People & Place

Rob Townsend's OCA Learning Log

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Exercise: Varying the pose


Set up a portrait session, and plan for your subject to adopt in turn at least three different basic positions (sitting, standing, etc.). Within these, suggest, as you shoot, different limb positions. Later, review the results and assess how effective or attractive the variations were.


Subjects: I decided for the first time to use CHILDREN as subjects! These are Ethan and Emily, whose parents Mike and Amanda are good friends of ours. I (correctly) figured that kids would be less self-conscious on posing and ‘throwing shapes’. My original intention was to choose one of them but in the end I got such a good mix of shots that I basically did the exercise twice in parallel.


There’s quite a variation in these, and I think they’re all reasonably successful. The Ethan shots are more laid back as I don’t think he was quite as into the idea of being photographed as his sister was. ‘Emily Sitting 2’ is probably my weakest in this set: everything is centred and the tops of the fingers are accidentally cropped off. ‘Emily Sitting 3’ is the most innovative – model’s own pose, not photographer’s direction…


This was a little harder to find the variation in the poses. I seem to have fallen back on simply asking them to do different things with their hands! ‘Ethan Standing 1’ looks nice and casual/natural while the others look more contrived. ‘Emily Standing 2’ is a little more interesting and effective than the others.


This is where the more interesting poses came out! Freed from the limitations of sitting or standing, we could use our imaginations a bit more. ‘Emily Freestyle 3’ is probably my favourite shot of the series.

What I’ve learned

It’s interesting just how much variation you can get in the basic types of pose. I suppose I kind of took the easy option in using children as subjects as asking them to throw different shapes seemed easier to me than doing the same to an adult – I think we’d both feel a little self-conscious! But it has taught me that I could be a LOT more innovative in the poses I ask people to adopt when I take their photograph (as long as I’m brave enough to ask…)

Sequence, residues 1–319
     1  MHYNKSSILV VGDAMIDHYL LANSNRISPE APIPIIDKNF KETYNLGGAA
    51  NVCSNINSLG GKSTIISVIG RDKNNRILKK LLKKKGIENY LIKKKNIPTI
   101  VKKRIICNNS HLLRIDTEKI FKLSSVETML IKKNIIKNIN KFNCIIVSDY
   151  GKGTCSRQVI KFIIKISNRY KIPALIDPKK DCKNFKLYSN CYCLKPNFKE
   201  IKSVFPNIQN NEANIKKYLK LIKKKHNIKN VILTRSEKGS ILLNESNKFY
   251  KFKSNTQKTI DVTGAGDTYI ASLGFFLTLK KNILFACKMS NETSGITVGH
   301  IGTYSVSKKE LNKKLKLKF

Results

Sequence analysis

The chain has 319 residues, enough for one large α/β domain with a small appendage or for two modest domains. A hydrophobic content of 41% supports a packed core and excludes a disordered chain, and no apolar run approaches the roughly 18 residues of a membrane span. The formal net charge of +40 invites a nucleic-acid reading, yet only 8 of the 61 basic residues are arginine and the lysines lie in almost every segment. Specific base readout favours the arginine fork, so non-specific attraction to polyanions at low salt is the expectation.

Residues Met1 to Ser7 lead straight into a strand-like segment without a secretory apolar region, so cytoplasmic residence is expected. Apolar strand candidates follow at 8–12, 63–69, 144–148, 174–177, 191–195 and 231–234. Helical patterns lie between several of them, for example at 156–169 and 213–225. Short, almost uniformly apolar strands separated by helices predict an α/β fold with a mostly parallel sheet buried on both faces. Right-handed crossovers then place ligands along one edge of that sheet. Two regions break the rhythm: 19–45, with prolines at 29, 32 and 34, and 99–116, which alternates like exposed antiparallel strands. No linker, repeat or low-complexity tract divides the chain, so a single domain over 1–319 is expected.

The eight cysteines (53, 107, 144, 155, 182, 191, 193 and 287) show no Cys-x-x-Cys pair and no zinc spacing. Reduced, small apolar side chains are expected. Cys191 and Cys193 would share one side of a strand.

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Exercise: Varying the pose – research

As suggested in the brief for the exercise ‘Varying the pose’, I’ve been looking at magazines to get a feel for the variations of pose that you can see in professional portraits. I quickly accumulated so many examples that I thought it was worth collating some here. This will help me with inspiration not just for this exercise but also for the forthcoming portrait assignment. It’s been something of an eye-opener: I hadn’t realised just how many variations there are on basic poses. I guess part of the skill of a portrait photographer (or a fashion photographer) is to breathe new life into what could be very simple client briefs.


The main variations here are around what to do with the hands. Most of these don’t use any props in hand so they have to go somewhere. Just letting them hang to the side looks very bland and static. Placing the hands in particular places can give real ‘body language’ signifiers: both hands on hips = defiant; hands in pockets = nonchalant; arms folded = defensive or impatient, etc. The other notable point of difference is the placement of the feet and related to this, the tilt of the hips. There’s a classic flattering pose of standing slightly side-on to the camera, hip first.


The real variations here aren’t so much where to place the hands, although this is still a consideration, but what to do with the legs. Together, apart, crossed, raised, extended, tucked under. Again body language becomes evident to a degree, particularly how much the subject is leaning forwards (attentive, needy) versus backwards (relaxed, confident). Crossed legs is an interesting one, especially for men: it seems to try to look relaxed while still being quite defensive (literally).


I actually found lots of examples of leaning – it seems to be a very fashionable pose at the moment. Leaning implies relaxed, and is easy to link with hands-in-pockets to solve the problem of what to do with hands. Walking is also reasonably common, effectively giving a slight variation on standing by incorporating the feeling of movement.

Lots of inspiration now!